Ed Gainey

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The mass shooting in Orlando, Fla. earlier this month spurred the national discussion on gun control yet again.

U.S. Senate Democrats led a successful filibuster and in Allegheny County, two of the nine state representatives are pushing legislation on the issue, Democrats Jake Wheatly and Ed Gainey.

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Pennsylvania is now officially the 24th state to legalize medical marijuana.  Following an arduous legislative battle, Governor Tom Wolf signed the Medical Marijuana Act Sunday, which will take effect in 30 days. 

Representative Dan Frankel of Allegheny County has been a longtime supporter of the measure.  He says an engaged governor and emotional advocacy from families of children struggling with chronic illnesses were both imperative in passing this legislation.

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For the third time in as many sessions, State Rep. Tony DeLuca (D-Allegheny) will introduce legislation putting a limit on outside income for legislators.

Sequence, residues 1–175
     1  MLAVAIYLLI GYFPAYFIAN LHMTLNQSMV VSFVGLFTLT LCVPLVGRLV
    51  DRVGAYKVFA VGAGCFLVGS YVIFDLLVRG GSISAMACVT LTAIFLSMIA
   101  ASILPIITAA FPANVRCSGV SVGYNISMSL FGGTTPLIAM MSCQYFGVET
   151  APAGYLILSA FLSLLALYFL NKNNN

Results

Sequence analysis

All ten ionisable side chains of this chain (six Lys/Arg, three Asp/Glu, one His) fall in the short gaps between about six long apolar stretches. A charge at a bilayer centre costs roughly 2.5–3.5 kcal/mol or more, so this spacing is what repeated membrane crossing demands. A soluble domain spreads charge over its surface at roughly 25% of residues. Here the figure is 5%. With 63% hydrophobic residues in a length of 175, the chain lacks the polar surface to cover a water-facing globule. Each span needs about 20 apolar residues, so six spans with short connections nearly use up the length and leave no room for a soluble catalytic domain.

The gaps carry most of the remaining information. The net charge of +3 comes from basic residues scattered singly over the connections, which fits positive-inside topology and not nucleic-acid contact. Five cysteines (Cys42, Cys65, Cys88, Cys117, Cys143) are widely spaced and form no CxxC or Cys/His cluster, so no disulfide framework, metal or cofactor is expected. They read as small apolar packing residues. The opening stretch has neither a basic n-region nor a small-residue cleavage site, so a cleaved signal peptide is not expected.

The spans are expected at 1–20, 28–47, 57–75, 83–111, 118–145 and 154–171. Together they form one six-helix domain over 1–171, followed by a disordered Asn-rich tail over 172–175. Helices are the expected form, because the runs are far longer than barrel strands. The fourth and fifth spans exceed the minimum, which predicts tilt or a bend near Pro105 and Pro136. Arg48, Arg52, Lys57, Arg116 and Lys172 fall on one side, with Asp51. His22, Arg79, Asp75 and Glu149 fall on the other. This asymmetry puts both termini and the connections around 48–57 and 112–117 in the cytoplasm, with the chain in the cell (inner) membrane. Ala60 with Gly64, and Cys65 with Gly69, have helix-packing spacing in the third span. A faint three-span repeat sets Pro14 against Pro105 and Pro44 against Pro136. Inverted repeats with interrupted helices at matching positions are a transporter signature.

House Bill 566 would cap outside earned income for representatives and senators at 35 percent of their base salary as a member of the general assembly. In other words, a legislator with a salary of about $84,000 will be able to bring in as much as $29,400 in outside income.

The races for the Pennsylvania House of Representatives have come to a close. Some were neck-and-neck, and others — not so much.

In District 20, incumbent Adam Ravenstahl of Pittsburgh’s North Side held off challenger and Avalon public school teacher Tom Michalow with just 52.26 percent of the vote. Ravenstahl, the brother of former Pittsburgh Mayor Luke Ravenstahl, will take on Republican Tom Fodi in the fall.

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The Community Builders held a ceremonial groundbreaking Monday at the site of the new East Liberty Place South development.

The building will feature 52 units of mixed-income housing, as well as 11,000 square feet of commercial space. Thirteen of the one- and two-bedroom apartments will be priced at market value, with a tenant income cap of $55,000-75,000, depending on family size.

Six of the apartments are geared toward very low-income residents, including people with physical disabilities who live off disability benefits.

Elected officials at three levels in Allegheny County have announced tentative plans for the creation of a gun buyback program, in which residents would be paid to drop off illegal guns at the county sheriff's office.

State Representative Ed Gainey (D-Allegheny) said he understands that criminals won't turn in their own illegal guns, but he said family members might hand them over if they can do so anonymously and for a reward.